Thursday, February 16, 2012

Servant of the Dance

Martin Luther King holds up his booking number. The bars of a cell in Birmingham jail are visible behind him—except where the nimbus blocks them out. The mug shot is an icon; the icon a mug shot.

A naked man sits cross-legged on the floor of a cave, beating a drum, flanked by Neolithic pictograms on the wall behind him. His moustache and tightly curled black hair suit him to a dance floor ca. 1980; the enormous horns protruding from his forehead do not. Nailholes are visible in his hands and feet. He is Lord of the Dance: the Christ transcending time, at once archaic Horned God and Castro Clone.

Two men embrace in Roman military garb, staring out toward the viewer with serious attitude, despite their lavender cloaks: the lovers Sergius and Bacchus, martyred in the fourth century in the hope of being reunited in heaven; another pair of early Christians in the Roman army, Polyeuct and Nearch, cling to one another more tenderly.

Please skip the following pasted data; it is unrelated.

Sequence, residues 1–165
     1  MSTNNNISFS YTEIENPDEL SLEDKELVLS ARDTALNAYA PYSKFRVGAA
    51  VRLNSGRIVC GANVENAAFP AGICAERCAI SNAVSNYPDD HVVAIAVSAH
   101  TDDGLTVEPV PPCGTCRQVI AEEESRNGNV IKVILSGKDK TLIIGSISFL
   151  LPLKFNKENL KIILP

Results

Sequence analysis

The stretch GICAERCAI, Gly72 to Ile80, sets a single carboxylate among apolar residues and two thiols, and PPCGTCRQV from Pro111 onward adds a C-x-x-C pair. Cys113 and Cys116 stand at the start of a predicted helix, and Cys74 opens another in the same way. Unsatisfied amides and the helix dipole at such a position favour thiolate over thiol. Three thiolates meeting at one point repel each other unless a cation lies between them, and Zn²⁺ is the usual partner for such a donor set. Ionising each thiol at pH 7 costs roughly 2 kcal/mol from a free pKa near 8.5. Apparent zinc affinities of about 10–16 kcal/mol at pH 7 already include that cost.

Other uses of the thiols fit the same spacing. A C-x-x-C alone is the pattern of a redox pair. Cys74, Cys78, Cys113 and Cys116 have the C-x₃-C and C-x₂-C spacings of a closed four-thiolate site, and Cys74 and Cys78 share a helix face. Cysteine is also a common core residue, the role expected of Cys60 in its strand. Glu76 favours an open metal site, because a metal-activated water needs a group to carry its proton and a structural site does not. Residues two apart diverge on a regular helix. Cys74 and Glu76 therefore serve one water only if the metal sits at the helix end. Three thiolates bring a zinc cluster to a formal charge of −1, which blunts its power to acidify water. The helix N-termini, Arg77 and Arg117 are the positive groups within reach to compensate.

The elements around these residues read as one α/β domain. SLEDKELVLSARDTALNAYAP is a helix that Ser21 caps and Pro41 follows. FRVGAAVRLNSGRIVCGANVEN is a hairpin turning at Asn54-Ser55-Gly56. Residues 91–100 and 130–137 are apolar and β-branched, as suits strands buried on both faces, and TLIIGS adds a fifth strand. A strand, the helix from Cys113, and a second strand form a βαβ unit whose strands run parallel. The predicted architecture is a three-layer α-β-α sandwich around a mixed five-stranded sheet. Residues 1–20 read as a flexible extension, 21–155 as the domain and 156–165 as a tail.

Harvey Milk holds a candle in darkness, and is also accorded the visual trappings of a saint’s veneration—as are Rumi, Mohandas Ghandi, and Albert Einstein.

These and dozens more images are the work of Robert Lentz, OFM (Order of Friars Minor, a.k.a. the Franciscans). The grandson of Russian immigrants to Colorado and reared in the Eastern Orthodox tradition, Lentz trained as a painter of icons in the late 1970’s. Since then, his art has celebrated the presence of the Holy both within and far beyond the Christian tradition, among the poor and oppressed, among the socially despised and culturally marginalized, among the visionary and subversive.

Above left, Robert Lentz’s icons of Martin Luther King, Lord of the Dance, Polyeuct and Nearch, and Harvey Milk, all courtesy of the distributor of Lentz’s images,Trinity Stores,

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